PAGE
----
The OECD has released its 2019 Education at a Glance report, comparing the education systems of the OECD's 36 member countries, including Australia, as well as 10 other countries.
For Australia’s higher education sector, the news was mostly good, with the data revealing a higher intake of foreign students and higher tertiary student employment levels.
The report found that despite high tuition fees, Australia’s intake of foreign students is up to seven times larger than other OECD nations, making it one of the most attractive destinations for international students globally.
International students make up 21% of all students enrolled in tertiary education in Australia, compared to 6% on average across OECD countries. Although they make up a small share of students in bachelor’s or equivalent programmes (14%), they represent a significant share of those enrolled in master’s (48%) and doctoral programmes (32%).
Professor John Fischetti, interim Pro Vice-Chancellor at the University of Newcastle, and an expert on education leadership and equity in education, said Australian education “ranks quite well” in this year’s OECD update.
“Participants in tertiary education are employed at higher levels, earn higher incomes and are more resilient in a transforming economy,” Professor Fischetti said.
“Australian women have also increased their participation in tertiary education, and widened the gap with men (59% as compared with 44%).”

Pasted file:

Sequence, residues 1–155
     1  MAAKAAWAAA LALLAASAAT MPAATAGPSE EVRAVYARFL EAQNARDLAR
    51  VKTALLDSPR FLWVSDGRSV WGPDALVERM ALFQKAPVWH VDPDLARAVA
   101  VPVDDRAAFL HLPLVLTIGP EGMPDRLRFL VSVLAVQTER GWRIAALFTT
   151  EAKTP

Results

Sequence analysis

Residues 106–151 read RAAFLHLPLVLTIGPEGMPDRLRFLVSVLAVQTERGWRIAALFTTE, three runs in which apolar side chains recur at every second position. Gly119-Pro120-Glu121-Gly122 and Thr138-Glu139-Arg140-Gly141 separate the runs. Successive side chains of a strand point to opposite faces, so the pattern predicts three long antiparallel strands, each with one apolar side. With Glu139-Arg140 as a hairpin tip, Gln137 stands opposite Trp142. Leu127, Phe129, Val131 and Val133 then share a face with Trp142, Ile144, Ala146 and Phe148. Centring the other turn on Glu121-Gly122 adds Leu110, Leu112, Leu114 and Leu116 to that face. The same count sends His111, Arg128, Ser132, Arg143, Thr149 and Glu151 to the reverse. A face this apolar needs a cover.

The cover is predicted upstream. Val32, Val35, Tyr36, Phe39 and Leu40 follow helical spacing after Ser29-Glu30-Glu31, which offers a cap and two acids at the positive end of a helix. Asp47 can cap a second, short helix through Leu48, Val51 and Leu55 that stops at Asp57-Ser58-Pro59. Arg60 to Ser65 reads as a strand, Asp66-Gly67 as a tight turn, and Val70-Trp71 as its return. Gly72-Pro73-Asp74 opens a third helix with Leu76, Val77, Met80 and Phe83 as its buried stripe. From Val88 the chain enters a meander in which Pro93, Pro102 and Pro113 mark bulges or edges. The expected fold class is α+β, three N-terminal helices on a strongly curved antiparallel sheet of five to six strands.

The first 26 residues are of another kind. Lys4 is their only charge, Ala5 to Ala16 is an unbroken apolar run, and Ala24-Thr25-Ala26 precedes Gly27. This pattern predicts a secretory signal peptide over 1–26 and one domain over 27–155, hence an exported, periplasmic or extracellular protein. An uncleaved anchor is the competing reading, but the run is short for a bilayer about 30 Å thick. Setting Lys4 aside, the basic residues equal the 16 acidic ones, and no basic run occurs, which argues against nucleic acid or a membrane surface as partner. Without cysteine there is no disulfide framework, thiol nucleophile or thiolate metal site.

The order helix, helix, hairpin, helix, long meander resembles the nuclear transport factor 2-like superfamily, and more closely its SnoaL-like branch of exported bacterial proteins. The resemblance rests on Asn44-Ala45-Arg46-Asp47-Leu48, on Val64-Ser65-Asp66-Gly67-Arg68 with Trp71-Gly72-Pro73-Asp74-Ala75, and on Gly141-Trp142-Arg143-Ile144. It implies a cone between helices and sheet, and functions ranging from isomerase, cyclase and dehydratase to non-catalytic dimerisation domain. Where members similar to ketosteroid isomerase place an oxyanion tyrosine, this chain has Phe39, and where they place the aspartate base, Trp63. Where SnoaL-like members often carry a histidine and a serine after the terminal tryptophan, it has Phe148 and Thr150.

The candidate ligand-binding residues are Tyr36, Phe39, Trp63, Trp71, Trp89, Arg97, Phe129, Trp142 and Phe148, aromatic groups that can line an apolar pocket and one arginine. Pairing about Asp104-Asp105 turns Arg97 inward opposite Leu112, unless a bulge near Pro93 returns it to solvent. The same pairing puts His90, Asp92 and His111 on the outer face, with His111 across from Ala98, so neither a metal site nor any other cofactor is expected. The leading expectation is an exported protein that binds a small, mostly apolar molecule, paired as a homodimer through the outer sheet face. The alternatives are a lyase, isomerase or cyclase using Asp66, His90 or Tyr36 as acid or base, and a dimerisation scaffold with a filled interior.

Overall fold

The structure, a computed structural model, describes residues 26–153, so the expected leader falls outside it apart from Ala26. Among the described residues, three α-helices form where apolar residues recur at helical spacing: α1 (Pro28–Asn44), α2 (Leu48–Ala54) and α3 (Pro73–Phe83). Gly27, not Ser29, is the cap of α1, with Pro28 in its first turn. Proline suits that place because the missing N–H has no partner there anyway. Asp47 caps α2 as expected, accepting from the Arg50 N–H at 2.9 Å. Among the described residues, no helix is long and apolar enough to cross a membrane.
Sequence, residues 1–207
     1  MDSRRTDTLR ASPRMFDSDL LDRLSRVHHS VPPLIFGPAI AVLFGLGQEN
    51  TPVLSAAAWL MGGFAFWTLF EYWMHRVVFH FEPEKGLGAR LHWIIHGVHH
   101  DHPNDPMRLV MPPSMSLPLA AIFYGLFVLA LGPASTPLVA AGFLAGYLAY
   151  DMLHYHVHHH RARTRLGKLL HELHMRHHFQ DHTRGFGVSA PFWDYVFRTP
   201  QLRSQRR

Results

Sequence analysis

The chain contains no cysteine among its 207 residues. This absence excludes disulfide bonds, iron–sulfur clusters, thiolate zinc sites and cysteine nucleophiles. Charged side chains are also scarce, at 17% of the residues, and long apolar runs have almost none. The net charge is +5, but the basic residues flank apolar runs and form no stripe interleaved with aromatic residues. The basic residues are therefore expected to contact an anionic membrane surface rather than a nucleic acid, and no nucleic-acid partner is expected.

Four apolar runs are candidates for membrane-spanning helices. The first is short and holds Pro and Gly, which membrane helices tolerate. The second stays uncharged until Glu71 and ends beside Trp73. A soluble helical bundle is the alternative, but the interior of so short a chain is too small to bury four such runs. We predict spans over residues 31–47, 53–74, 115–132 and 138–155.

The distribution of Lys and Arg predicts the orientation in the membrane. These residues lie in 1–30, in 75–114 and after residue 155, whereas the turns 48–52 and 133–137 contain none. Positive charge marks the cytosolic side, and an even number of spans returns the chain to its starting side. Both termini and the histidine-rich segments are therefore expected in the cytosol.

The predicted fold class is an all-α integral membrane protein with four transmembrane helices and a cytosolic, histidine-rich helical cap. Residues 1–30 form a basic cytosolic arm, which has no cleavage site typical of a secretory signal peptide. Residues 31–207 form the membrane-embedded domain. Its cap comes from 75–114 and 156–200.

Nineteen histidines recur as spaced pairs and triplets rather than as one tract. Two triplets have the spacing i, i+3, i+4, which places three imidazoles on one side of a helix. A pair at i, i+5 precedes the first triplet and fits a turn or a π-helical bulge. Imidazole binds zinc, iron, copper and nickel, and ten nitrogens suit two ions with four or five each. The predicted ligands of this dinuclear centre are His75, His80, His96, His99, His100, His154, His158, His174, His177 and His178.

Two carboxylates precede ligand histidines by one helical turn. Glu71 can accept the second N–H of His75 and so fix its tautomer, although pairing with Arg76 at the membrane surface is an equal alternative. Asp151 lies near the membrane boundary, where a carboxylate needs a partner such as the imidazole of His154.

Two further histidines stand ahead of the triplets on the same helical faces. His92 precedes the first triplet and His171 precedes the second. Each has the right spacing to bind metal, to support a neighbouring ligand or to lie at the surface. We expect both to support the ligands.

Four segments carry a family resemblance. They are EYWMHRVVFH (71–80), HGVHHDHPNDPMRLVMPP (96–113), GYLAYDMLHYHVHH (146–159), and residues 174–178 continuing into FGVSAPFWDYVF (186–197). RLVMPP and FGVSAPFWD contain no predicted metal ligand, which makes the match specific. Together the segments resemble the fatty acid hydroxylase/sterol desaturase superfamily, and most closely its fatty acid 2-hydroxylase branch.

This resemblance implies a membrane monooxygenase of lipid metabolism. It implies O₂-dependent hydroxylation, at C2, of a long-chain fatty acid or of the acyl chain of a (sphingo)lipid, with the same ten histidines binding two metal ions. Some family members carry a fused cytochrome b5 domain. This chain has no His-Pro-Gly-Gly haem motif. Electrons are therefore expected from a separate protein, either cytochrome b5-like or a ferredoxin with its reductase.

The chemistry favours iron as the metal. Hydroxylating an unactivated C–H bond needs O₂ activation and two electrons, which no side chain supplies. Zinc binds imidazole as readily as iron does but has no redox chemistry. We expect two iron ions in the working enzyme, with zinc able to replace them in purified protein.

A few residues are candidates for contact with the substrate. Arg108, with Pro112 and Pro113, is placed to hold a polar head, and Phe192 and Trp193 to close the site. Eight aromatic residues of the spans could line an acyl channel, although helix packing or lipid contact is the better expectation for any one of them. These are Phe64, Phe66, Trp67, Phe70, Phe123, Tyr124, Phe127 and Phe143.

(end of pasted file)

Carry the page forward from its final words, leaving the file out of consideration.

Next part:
However, the report found a growing gender gap in tertiary attainment, which has been increasing over the last decade. In 2018, 59% of young women in Australia were tertiary educated compared to 44% of young men.
There is also a trend towards lower job-attainment for women, with the report showing the employment rate for younger women (aged 25-34) without upper secondary education at 43%, compared to 69% for their male peers.
However, but the disparities narrow as educational attainment increases.
The gender gap in employment shrinks to 17 percentage points among adults with upper secondary or post-secondary non-tertiary education and to 11 percentage points among those with tertiary education
Drain of highly educated specialist ‘inevitable’
Associate Professor Jihyun Lee of UNSW Sydney is an expert on education measurement and large scale education statistics, and has spent time researching at the OECD in Paris.
She said that while there is an “abundance of goods news” for Australia in the latest version of Education at a Glance, a couple of concerns continue to grow.
"Currently, Australian universities depend on international students for their survival of higher-degree programmes,” Associate Professor Lee said.
“While the Australian government provides up to four years of post-degree stay for international students, it is inevitable that Australia faces a drain of highly educated specialists.”
Associate Professor Lee said this issue is further complicated by a lower proportion of doctoral programme graduates in the field of Engineering, Manufacturing and Construction in Australia (17%), compared to other industrialised countries such as Sweden (25%), Korea (24%), Japan (23%) and Canada (21%).
"The field of Information and Communication Technologies shows a similar picture,” she said.
“Australia can do better in attracting younger generations to be trained at the highest level in the fields that will be more in demand in the near future.”